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Dec 08 2005 (SC)

Subhash Shamrao Pachunde Vs. State of Maharashtra

Court : Supreme Court of India

Decided on : Dec-08-2005

Reported in : AIR2006SC699; 2006(1)ALD(Cri)284; (2005)107BOMLR1532; 2006CriLJ546; JT2005(10)SC407; (2006)1SCC384; 2006(1)LC108(SC)

s.b. sinha j.1. the sole appellant herein was prosecuted for commission of offences with five others under sections 147, 148, 302 read with section 149, 323, 324 and 149 of the indian penal code.shamrao, father of the appellant was accused no. 1. the accused nos. 3 and 4 ganpati and tanaji were his brothers whereas accused no. 5 vijay dattatray salunke was his nephew. the accused no. 6 vijay gangaram patel was a close family friend. .2. by reason of its judgment dated 08.11.1989 the learned trial judge while convicting the appellant under section 302 of the ipc and sentencing him to undergo imprisonment for life and pay a fine of rs. 10,000/- or in default thereof to undergo rigorous imprisonment for three years, and the accused nos. 1 and 4 under section 324 of the ipc; acquitted the others of all charges. the high court in the appeals preferred by the appellant therein affirmed the judgment passed by the learned trial court but modified the sentence in respect of accused nos. 1 and 4 to the period already undergone.this appeal was admitted on a limited question, i.e., as regard nature of offence.3. before adverting to the contentions raised in the appeal we may notice the fact of the matter in brief. the parties were members of a joint family. shamrao, accused no. 1 and prahlad were two brothers. whereas accused nos. 2 to 5 belong to the branch of shamrao; the deceased and the complainant were sons of prahlad. a partition took place between the said brothers in 1984; .....

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Jan 04 2005 (SC)

Pallavi Refractories and ors. Etc. Etc. Vs. Singareni Collieries Co. L ...

Court : Supreme Court of India

Decided on : Jan-04-2005

Reported in : AIR2005SC744; 2005(1)AWC673(SC); [2005(2)JCR289(SC)]; JT2005(1)SC107; (2005)2SCC227

ashok bhan, j.1. leave granted in slp (c) no. 2783 of 1999.2. these appeals by grant of special leave have been filed by the writ petitioners - the appellants herein, against the common order passed by the high court of andhra pradesh in a group of writ petitions. the high court in the impugned judgment has upheld clause 10 of the price notification no. 3/96-97 dated 14.3.1997 issued by m/s. singareni collieries co. ltd. (hereinafter, for short 'the respondent').3. appellants are proprietors of various coal based small-scale industries who draw 'c' and 'd' grade coal from the respondent. respondent is a state owned company in which 51% shares are held by the state of andhra pradesh and 49% shares are held by the government of india.4. government of india has identified 7 core/priority sector industries. they are: 1) exports, 2) power utilities, 3) defence, 4) railways (loco), 5) fertilizers, 6) steel including sponge iron and pig iron and 7) other metallurgical industries who use coal/coke for their own use. core/priority sector industries alone consume about 90-95% of the coal produced and left over 5% plus are supplied to the non-core/unlinked sector industries to which the appellants belong.5. the government of india has been fixing the grades and prices of the coal produced in india in pursuance of clauses 3 and 4 of the colliery control order, 1945 as continued in force by section 16 of the essential commodities act, 1955. it appears that the company had accumulated .....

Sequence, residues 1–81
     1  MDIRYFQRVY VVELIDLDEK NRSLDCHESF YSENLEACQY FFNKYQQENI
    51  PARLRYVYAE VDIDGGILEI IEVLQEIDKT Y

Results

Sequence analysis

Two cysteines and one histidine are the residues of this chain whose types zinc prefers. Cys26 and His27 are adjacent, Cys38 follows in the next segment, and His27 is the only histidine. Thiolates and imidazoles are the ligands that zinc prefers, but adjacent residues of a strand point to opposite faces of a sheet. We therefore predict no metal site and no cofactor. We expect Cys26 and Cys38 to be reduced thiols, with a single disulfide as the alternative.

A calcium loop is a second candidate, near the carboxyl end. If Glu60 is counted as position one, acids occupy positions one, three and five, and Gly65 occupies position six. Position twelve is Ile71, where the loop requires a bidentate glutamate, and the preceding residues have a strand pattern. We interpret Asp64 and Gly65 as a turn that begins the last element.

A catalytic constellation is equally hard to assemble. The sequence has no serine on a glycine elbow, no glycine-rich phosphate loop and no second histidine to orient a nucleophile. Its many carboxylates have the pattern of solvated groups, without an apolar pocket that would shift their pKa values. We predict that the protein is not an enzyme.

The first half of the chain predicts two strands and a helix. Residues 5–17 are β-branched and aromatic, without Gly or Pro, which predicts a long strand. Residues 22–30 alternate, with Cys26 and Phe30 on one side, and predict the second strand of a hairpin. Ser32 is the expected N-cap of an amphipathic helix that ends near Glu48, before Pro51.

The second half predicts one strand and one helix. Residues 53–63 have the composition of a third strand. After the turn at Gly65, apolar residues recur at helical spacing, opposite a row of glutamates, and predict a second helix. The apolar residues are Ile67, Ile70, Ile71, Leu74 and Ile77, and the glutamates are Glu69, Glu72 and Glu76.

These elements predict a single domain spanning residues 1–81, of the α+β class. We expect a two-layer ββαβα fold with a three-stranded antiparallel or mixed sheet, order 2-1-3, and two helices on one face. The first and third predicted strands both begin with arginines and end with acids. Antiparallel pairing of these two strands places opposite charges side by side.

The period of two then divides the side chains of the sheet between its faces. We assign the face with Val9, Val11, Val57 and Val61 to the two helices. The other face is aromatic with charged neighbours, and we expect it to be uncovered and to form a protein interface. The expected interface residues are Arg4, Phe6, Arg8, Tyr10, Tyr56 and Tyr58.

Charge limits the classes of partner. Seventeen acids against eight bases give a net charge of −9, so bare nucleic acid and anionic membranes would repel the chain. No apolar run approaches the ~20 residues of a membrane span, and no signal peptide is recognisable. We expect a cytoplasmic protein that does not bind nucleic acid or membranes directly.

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Jan 05 2005 (SC)

Research Foundation for Science Technology and Natural Resources Polic ...

Court : Supreme Court of India

Decided on : Jan-05-2005

Reported in : (2005)3CompLJ193(SC); 2005(1)CTC609; 2005(192)ELT8(SC); [2005(2)JCR294(SC)]; JT2005(11)SC135; (2005)13SCC186